Chrysler Museum of Art to Receive $40,000 Grant from the National Endowment for the Arts
The grant will support Thomas Jefferson, Architect: Palladian Models, Democratic Principles and the Conflict of Ideals, a Chrysler-curated exhibition opening Oct. 19. It will be the first major exploration of Jefferson’s design practice since the 1970s and the first to confront the conflict between his desire to convey contemporary ideals of liberty and justice and the reality that his monuments were founded on the economic and social institution of slavery. It will also tell the story of how Jefferson was influenced by the architectural ideals and values of Andrea Palladio and explore the broad range of ideas and influences that informed his practice. These include his upbringing in Virginia and deep involvement with architectural treatises and their authors, beginning with Palladio, as well as his engagement with contemporary French theories of architecture and urbanism. The Chrysler Museum is partnering with Museo Palladio of Vicenza, Italy to present the exhibition.
“Jefferson’s architectural influence is evident across our region. The Chrysler Museum of Art is delighted to receive this competitive grant that will allow us to present an exhibition that incorporates a wealth of new scholarship about his design practice. We are fortunate to have the support of the NEA in this endeavor,” said Museum Director Erik Neil.
Thomas Jefferson, Architect will feature new architectural models of Jefferson and Palladio’s buildings as well as prints, paintings, books, drawings, design objects, photography and digital elements that reflect Jefferson’s design preferences, Palladio’s influence and the workmanship of enslaved craftsmen. A catalog that includes new scholarship will accompany the exhibition.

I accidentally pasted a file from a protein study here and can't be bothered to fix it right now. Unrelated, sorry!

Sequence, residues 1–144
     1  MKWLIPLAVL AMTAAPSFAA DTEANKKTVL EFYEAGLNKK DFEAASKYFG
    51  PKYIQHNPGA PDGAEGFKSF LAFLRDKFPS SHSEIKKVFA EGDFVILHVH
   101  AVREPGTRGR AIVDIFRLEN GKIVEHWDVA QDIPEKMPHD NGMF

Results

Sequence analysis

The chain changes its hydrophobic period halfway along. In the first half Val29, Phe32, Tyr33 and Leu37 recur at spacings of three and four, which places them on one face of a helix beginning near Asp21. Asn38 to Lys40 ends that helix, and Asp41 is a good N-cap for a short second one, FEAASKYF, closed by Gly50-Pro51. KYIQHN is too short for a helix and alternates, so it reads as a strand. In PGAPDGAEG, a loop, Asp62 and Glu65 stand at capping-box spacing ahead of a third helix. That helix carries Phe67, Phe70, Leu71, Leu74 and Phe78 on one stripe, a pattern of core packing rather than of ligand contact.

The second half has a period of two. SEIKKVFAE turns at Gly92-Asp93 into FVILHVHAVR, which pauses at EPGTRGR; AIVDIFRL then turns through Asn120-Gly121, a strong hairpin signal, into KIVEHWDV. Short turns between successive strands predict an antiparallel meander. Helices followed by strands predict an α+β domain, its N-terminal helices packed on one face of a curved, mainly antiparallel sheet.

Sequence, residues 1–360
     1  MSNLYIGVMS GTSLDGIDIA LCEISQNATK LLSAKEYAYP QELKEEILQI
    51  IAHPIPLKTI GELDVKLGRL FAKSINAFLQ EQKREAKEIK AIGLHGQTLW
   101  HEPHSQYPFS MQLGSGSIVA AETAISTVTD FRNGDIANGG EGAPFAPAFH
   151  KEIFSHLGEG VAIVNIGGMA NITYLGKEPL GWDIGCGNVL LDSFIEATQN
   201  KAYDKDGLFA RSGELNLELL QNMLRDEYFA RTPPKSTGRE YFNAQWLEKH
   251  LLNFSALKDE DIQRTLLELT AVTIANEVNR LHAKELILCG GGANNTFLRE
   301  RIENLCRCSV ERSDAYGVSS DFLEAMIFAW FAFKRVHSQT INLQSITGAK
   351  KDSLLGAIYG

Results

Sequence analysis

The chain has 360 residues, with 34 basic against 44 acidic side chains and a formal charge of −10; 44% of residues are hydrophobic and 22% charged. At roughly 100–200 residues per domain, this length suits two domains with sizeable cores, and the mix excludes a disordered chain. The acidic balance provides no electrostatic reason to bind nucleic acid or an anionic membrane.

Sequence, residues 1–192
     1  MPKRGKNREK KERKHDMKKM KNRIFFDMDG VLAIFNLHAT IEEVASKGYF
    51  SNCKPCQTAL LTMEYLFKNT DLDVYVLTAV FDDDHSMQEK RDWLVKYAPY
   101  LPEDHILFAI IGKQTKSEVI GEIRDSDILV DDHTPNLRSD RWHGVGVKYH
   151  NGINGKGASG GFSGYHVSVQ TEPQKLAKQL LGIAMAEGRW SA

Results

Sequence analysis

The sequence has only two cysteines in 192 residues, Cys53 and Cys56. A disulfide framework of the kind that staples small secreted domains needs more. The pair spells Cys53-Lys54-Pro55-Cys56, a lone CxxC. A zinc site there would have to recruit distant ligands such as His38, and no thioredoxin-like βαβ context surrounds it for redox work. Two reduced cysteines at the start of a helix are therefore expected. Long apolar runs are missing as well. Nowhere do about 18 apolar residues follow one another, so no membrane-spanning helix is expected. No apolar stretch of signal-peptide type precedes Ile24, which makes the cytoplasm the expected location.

The National Endowment for the Arts has approved more than $27 million in grants as part of the Arts Endowment’s first major funding announcement for fiscal year 2019. “The arts enhance our communities and our lives, and we look forward to seeing these projects take place throughout the country, giving Americans opportunities to learn, to create, to heal and to celebrate,” said Mary Anne Carter, acting chairman of the National Endowment for the Arts.
The Art Works category supports projects that focus on the creation of art that meets the highest standards of excellence. The category also funds projects that promote public engagement with diverse and excellent art, encourage lifelong learning in the arts and strengthen the community through the arts. For more information, visit arts.gov/news.
ABOUT THE CHRYSLER MUSEUM OF ART
The Chrysler Museum of Art is one of America’s most distinguished mid-sized art museums, with a nationally recognized collection of more than 30,000 objects, including one of the great glass collections in America. The core of the Chrysler’s collection comes from Walter P. Chrysler, Jr., an avid art collector who donated thousands of objects from his private collection to the Museum. The Museum has growing collections in many areas and mounts an ambitious schedule of visiting exhibitions and educational programs each season. The Chrysler has also been recognized nationally for its unique commitment to hospitality with its innovative gallery host program.
The Perry Glass Studio is a state-of-art facility on the Museum’s campus. The studio offers programming for aspiring and master artists alike in a variety of processes including glassblowing, fusing, flameworking, coldworking and neon. The studio has also cultivated a reputation for its cutting-edge performance evenings, and was the host venue of the 2017 Glass Arts Society Conference.
In addition, the Chrysler Museum of Art administers two historic houses in downtown Norfolk: the Moses Myers House and the Willoughby-Baylor House, as well as the Jean Outland Chrysler Library on the campus of Old Dominion University. General admission is free at all venues. For more information on the Chrysler Museum of Art, visit chrysler.org.
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